$2.3 Billion Emergency Arms Sale to Saudis Gets Little Opposition
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$2.3 Billion Emergency Arms Sale to Saudis Gets Little Opposition

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Even staunchly pro-Israel members of Congress are not opposing President Bush’s decision to send Saudi Arabia a $2.3 billion emergency shipment of weaponry, including F-15 fighter planes.

The package consists of 24 F-15C and F-15D jets, 150 M-60 tanks, 200 Stinger anti-aircraft missiles and 1,500 rounds of depleted uranium anti-tank munitions, State Department spokes woman Margaret Tutwiler said Wednesday.

Unlike routine arms sales, which Congress may block up to 30 days after they are formally proposed, the emergency sale will go through automatically.

“The president exercised legitimate authority that’s in the law to lift congressional notification procedures,” said an aide to a pro-Israel lawmaker who often opposes arms sales to Arab countries.

“There’s not much we can do,” the aide said. “This stuff is being handed to Congress as a fait accompli.”

The United States has previously sold an estimated $50 billion in weaponry to the Saudis, with a small fraction of the sales provoking strong congressional opposition.

Tutwiler called the latest package “an initial response to Saudi needs,” with all of the weaponry provided “on an immediate basis.”

And the spokeswoman left the door open to additional sales. “Given the magnitude of the Iraqi threat, we believe that the Saudis have other critical needs. We are in the process of reviewing those needs now and will continue to consult with the Congress as we proceed,” she said.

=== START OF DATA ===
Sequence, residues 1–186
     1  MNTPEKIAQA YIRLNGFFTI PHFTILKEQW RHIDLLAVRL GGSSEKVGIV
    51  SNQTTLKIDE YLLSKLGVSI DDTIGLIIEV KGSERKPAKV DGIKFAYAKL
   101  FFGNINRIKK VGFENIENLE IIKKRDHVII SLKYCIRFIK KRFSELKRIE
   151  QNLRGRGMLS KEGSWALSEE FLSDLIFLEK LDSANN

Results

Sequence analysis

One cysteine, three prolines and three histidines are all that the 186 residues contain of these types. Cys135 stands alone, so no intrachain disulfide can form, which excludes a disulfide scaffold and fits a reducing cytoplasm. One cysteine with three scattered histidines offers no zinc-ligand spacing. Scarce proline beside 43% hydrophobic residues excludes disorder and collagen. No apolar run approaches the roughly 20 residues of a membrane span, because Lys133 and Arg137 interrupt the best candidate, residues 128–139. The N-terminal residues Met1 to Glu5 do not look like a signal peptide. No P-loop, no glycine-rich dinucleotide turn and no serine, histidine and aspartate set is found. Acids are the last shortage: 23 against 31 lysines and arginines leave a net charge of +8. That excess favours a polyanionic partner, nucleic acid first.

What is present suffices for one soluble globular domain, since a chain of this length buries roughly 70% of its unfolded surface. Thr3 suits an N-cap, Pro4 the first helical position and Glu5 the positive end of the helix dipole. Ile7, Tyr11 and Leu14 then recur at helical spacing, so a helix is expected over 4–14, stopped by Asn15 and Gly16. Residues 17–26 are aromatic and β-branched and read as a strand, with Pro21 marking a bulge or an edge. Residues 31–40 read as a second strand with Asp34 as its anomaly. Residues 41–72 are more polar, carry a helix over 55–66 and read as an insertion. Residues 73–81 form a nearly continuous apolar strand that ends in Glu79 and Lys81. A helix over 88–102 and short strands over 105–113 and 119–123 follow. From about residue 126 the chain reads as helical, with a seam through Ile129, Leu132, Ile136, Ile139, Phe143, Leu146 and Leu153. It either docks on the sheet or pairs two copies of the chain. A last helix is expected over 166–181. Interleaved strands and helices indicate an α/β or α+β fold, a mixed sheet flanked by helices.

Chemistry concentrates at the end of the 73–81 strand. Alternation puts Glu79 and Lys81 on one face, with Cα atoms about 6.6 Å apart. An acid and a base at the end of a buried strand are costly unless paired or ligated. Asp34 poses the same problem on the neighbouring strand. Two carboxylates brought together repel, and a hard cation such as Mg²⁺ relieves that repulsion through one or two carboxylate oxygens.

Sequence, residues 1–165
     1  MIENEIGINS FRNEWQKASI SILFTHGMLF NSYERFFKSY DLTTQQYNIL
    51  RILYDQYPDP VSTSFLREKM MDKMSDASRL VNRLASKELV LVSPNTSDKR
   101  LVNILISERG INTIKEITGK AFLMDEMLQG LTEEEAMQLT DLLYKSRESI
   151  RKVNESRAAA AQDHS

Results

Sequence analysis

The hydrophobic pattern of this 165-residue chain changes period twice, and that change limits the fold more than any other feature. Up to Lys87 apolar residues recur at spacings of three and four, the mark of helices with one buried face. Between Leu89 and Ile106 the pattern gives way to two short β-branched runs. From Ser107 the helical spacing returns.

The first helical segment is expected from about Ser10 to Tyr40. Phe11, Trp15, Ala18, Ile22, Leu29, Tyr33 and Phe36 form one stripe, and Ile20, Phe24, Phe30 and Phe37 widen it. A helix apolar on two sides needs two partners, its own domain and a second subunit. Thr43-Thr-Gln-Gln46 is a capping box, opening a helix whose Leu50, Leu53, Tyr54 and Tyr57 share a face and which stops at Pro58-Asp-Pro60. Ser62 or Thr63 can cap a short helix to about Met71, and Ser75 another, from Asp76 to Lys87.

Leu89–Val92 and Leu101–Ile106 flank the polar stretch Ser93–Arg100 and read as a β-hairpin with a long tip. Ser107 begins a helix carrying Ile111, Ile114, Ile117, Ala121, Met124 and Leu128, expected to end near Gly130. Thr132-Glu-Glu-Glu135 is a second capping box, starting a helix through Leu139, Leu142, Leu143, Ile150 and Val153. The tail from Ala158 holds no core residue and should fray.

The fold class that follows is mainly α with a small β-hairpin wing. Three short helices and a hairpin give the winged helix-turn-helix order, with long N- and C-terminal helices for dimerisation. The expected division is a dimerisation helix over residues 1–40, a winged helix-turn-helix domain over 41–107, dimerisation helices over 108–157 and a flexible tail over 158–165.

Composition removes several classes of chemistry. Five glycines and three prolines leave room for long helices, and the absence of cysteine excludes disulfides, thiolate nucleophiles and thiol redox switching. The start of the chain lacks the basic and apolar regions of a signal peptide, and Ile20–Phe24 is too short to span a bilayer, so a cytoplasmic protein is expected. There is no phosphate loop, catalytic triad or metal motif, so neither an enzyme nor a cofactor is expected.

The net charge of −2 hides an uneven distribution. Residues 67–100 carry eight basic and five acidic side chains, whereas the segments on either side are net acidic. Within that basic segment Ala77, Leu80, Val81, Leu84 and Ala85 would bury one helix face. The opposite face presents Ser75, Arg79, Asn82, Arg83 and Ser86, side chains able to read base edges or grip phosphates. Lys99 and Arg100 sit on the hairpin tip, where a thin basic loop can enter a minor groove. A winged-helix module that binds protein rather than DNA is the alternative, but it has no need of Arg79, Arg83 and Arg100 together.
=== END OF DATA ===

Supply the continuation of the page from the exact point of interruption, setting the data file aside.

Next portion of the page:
The most noteworthy thing about the $2.3 billion package is that it does not include the more advanced E model of the F-15, which can be modified for a variety of operations, including destruction of enemy tanks on the ground.


Jewish leaders who met at the Pentagon last Friday with Defense Secretary Dick Cheney were told that none of the F-15Es would be sold to the kingdom in the “short term.” Besides the F-15E, the leaders did not raise any other specific weapon that they would find objectionable.

The 24 F-15s are in addition to 12 the United States shipped to Saudi Arabia with U.S. troops earlier in the month, following Iraq’s Aug. 2 annexation of Kuwait.

If all 36 those planes are left behind, they would increase the Saudi fleet of F-15s to 98, compared to 62 before the Iraqi invasion.

Twelve additional F-15s, made by the St. Louis-based McDonnell Douglas Corp., are scheduled for delivery by 1992, under a previously approved sale.

But pro-Israel circles on Capitol Hill say the current sale will not mark the end of their efforts to block future arms sales to the Saudi kingdom. “Not by a long shot,” the congressional aide vowed.

Pro-Israel lawmakers will be especially concerned about how the weapons will be positioned if and when the Gulf crisis ends.

The congressional aide said he was unaware of any “offsets” that would be offered to Israel to counter the Saudi sale.

But Tutwiler confirmed that Reginald Bartholomew, undersecretary of state for international security assistance, met recently with David Ivry, director general of Israel’s Defense Ministry, for a “preliminary” discussion, to be followed by a more formal meeting on the Joint Security Assistance Planning Group.

At the meeting, “we took the opportunity to reaffirm the United States’ commitment to Israel’s security and well-being, and the strength of the U.S.-Israel relationship,” Tutwiler said.

Both sides “agree on the importance of keeping the focus of the Gulf crisis on the core problem, Iraq’s illegal invasion and occupation of a neighboring Arab state,” she said.

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